The opinion of the court was delivered by: KNIGHT
This is a suit brought by the United States against the South Buffalo Railway Company (at times hereinafter called South Buffalo), Bethlehem Steel Company (at times hereinafter called Steel Company), and Bethlehem Steel Corporation (at times hereinafter called Holding Company) to enjoin them from violating the so-called Commodities Clause of the Interstate Commerce Act, 34 Stat. 584, 49 U.S.C.A. § 1(8).
This Court has jurisdiction over the subject matter of this suit and the parties.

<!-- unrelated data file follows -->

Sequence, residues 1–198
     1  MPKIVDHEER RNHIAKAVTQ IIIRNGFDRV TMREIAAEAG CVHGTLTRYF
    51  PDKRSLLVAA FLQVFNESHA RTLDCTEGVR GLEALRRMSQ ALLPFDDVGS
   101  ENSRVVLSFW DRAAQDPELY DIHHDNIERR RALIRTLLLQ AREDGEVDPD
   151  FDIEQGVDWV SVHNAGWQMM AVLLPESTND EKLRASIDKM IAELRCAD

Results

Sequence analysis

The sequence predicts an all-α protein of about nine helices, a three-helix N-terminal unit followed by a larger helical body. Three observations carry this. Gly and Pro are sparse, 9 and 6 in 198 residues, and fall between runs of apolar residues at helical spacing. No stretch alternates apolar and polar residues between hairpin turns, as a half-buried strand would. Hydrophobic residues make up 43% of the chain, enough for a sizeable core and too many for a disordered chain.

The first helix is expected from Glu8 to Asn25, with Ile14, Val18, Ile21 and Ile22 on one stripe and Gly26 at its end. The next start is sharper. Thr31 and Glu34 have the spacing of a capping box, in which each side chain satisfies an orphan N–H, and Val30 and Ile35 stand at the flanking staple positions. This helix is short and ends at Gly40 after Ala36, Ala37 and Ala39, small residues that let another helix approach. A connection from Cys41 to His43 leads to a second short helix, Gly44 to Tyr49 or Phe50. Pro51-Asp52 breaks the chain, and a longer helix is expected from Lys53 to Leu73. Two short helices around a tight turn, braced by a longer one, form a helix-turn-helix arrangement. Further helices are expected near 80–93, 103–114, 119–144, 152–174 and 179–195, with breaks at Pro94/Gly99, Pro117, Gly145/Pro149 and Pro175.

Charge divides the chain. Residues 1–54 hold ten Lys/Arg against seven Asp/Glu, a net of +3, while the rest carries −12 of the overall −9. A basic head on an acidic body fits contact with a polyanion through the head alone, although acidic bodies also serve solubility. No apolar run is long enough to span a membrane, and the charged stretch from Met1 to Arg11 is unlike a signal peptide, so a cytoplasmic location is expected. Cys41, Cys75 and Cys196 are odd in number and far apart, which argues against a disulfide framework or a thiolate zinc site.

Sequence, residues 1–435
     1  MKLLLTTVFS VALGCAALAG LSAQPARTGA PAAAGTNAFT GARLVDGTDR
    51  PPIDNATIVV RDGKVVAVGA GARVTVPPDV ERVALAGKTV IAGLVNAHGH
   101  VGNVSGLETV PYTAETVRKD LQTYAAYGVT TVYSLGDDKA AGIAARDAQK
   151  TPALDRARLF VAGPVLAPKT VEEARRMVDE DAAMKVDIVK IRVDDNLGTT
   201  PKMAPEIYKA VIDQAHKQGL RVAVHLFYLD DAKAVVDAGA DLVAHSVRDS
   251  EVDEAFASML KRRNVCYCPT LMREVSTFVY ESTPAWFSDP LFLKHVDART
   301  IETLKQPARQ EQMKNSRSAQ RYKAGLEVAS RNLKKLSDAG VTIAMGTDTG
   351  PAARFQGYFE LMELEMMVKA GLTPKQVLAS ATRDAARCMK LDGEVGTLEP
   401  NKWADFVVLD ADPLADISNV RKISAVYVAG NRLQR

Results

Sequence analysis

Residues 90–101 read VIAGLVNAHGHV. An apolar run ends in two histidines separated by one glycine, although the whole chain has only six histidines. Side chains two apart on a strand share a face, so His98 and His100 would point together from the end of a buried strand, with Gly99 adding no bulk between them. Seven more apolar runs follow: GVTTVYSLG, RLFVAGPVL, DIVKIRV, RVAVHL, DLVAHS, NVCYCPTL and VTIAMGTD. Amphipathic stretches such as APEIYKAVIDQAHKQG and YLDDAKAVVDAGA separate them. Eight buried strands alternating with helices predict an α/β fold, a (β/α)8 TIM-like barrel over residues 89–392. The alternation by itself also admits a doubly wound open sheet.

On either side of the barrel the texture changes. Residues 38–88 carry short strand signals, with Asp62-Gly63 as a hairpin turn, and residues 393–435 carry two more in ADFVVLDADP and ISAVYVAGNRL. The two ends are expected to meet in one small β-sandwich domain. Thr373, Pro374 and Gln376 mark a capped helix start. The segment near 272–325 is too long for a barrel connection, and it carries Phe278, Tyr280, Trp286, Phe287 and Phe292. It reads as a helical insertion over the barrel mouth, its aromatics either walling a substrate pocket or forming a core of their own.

The Bethlehem Steel Corporation is a Holding Company organized under the laws of the State of Delaware, owning all or substantially all of the stock of 57 subsidiary corporations operating in various states and outside the United States. These latter are companies mining ore, producing materials used in the manufacture of steel, steamship companies, which transport iron ore from mines to subsidiary steel plants, engage in coast-wise shipping principally of products produced by one or more of such subsidiaries, corporations engaged in the manufacture of steel and steel products, and railroad companies.